Natural revelation, verse 20 says, is "clearly seen." It’s not hidden. In fact, everyone knows it. (Do you see that, at the beginning of verse 21?) We can’t plead ignorance. There’s no excuse, it says at the end of the verse.

Do you know the little quip, "Ignorance of the law is no excuse?" Why isn’t it an excuse? The law is not hidden and is not unknowable. It’s just ignored, either through sloth or carelessness, or through deliberate disdain.

You drive down the street at 45 mph. You pass a sign that says "30 mph." The officer pulls you over, and you say, "But I didn’t know the speed limit was 30 mph." What does the officer say? "Oh, I’m sorry. I didn’t realize that you didn’t know the speed limit. I’m sorry I stopped you"? I don’t think so! I think the officer says, "That will cost you $85." He doesn’t care what you think you know or don’t know. The law has been made plain, and whether it was through inattention, or deliberate disobedience doesn’t matter a bit. There’s no excuse. Even if you didn’t know, you should have known, because it was made plain.

Natural revelation alone may not persuade people to believe in God, but the problem is not any insufficiency in the evidence. The problem is the insufficiency in men. It is a moral, not an intellectual problem, and certainly not a problem with the evidence. It becomes an intellectual problem because of our spiritual bias against the light. Remember what Jesus said in John 3? "The light is come into the world, and men loved the darkness rather than the light; for their deeds were evil."

John Peterson's personal note: I grew up in a Christian home and accepted Christ at an early age in a neighborhood Bible club. Although I had some understanding at the time that God is real and I am a sinner, I didn't become firmly settled in my mind until my high school days, when I concluded that the evidence in the Bible was irrefutable and had to be dealt with. A person needs either to reject it, or to accept it wholeheartedly and trust God completely. God didn't want me to try to improve myself - He just wanted me to believe in Him and accept the death of Jesus Christ on the cross as full payment for the penalty of my sins. Just as Jesus rose from the dead, God gave me new spiritual, eternal life through Jesus. As I have tried to obey God and trust Him over the years, He has proved Himself over and over to me. Despite the skepticism and antagonism of much of the world to the Gospel of Jesus Christ, it is the only reality in an environment of relativism, confusion, disappointment, and false hopes.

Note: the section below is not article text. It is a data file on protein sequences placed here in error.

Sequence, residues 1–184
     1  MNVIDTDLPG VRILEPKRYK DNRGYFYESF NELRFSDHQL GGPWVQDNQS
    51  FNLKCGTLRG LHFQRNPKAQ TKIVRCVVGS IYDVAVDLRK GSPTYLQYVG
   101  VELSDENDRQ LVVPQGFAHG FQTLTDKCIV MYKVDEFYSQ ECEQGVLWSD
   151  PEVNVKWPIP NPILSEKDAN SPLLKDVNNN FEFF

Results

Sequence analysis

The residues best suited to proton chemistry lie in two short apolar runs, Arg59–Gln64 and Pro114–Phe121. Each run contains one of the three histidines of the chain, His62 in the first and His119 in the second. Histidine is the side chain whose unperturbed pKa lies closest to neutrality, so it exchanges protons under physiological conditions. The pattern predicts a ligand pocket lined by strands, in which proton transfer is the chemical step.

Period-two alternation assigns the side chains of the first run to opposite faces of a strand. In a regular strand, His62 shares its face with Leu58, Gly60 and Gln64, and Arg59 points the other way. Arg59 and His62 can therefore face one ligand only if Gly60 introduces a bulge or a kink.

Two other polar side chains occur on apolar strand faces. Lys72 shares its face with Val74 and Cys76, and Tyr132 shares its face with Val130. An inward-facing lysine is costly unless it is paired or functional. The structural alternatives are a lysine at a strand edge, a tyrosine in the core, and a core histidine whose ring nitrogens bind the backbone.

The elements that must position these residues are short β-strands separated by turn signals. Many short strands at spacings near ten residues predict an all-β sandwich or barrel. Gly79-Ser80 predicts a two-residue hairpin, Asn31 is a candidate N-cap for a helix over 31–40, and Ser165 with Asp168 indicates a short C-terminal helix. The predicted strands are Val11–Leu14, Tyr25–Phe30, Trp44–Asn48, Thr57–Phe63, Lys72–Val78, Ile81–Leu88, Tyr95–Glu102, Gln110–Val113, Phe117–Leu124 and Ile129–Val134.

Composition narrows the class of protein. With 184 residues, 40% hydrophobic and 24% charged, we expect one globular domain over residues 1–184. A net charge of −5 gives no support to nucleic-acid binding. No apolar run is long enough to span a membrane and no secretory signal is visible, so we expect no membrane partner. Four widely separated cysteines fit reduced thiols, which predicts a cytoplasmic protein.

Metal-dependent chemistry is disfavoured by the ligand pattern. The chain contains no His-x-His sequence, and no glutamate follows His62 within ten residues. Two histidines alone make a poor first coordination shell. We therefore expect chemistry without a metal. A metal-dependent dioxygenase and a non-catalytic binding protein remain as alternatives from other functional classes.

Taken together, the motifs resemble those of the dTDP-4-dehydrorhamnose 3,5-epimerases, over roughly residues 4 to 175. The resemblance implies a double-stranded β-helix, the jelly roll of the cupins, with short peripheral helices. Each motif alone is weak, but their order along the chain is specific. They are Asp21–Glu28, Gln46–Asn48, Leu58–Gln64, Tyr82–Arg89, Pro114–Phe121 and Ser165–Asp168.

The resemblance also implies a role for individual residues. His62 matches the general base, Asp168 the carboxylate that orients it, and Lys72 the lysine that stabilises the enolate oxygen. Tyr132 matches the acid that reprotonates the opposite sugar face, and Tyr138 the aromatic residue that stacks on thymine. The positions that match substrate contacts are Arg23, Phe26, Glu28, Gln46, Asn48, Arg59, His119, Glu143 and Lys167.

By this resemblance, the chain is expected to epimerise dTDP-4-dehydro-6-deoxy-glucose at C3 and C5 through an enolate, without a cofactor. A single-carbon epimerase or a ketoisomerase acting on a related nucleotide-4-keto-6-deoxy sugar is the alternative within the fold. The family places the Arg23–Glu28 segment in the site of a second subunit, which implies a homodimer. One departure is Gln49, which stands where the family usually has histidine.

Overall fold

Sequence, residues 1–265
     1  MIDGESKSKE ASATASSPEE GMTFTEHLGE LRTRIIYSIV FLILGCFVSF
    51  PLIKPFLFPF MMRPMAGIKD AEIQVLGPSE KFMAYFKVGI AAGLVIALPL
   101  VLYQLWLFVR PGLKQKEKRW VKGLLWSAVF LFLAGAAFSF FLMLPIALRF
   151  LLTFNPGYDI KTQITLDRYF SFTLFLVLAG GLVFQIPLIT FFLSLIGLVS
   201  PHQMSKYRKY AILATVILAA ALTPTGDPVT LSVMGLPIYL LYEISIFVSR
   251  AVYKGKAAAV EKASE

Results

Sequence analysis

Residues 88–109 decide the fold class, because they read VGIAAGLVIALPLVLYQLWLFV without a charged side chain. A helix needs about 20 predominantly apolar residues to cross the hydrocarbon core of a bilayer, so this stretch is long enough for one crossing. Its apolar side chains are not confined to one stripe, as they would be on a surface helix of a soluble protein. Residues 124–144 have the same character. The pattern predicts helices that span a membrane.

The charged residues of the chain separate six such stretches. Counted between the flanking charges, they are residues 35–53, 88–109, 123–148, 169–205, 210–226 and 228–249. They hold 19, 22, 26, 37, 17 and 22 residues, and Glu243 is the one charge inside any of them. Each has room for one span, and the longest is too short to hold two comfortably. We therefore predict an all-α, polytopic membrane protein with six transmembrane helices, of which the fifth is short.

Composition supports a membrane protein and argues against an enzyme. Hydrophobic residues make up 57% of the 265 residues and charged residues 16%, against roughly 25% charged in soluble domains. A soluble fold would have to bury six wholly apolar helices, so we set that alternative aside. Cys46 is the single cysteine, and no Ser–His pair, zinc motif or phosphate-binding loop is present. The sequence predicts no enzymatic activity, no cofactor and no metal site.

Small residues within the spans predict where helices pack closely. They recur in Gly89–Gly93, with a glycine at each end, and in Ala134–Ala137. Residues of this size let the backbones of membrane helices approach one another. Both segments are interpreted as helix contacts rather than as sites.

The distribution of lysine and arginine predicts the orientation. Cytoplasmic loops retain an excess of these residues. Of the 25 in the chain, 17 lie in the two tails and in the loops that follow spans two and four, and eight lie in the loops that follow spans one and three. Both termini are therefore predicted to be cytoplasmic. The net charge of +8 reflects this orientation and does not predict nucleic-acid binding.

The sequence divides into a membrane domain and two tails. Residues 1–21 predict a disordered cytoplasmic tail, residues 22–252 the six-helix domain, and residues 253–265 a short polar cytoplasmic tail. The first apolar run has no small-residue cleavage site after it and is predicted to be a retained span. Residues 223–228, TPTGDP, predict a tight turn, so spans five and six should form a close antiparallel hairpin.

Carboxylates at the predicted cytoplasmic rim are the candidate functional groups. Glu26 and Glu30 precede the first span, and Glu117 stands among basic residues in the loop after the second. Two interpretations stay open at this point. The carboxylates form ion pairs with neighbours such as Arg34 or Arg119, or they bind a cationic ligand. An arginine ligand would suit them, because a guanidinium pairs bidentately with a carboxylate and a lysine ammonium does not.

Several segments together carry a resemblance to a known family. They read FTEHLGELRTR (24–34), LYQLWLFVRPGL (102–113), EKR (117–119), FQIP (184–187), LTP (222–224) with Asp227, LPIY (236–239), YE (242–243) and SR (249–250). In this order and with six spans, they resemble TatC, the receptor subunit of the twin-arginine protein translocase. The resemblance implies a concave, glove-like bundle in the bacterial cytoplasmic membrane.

Pastor John Peterson took a degree in Electronic Engineering at San Jose State College, but decided that a career in engineering was not what God had for him. He went to Western Seminary in Portland and graduated with a Master of Divinity in the pastoral major, and then a Master of Theology in Biblical Literature, along with much of the work for a doctorate. He has served in several churches as the Pastor for Christian Education, managing the classes and programs for Nursery through Youth and Adults. Currently he leads the Christian Education program at Antioch Bible Church in Kirkland, WA. John loves to teach and train and encourage others in the ministry! (www.abchurch.org)

"Christ has turned all of our sunsets into dawn."

Clement of Alexandria (150-250)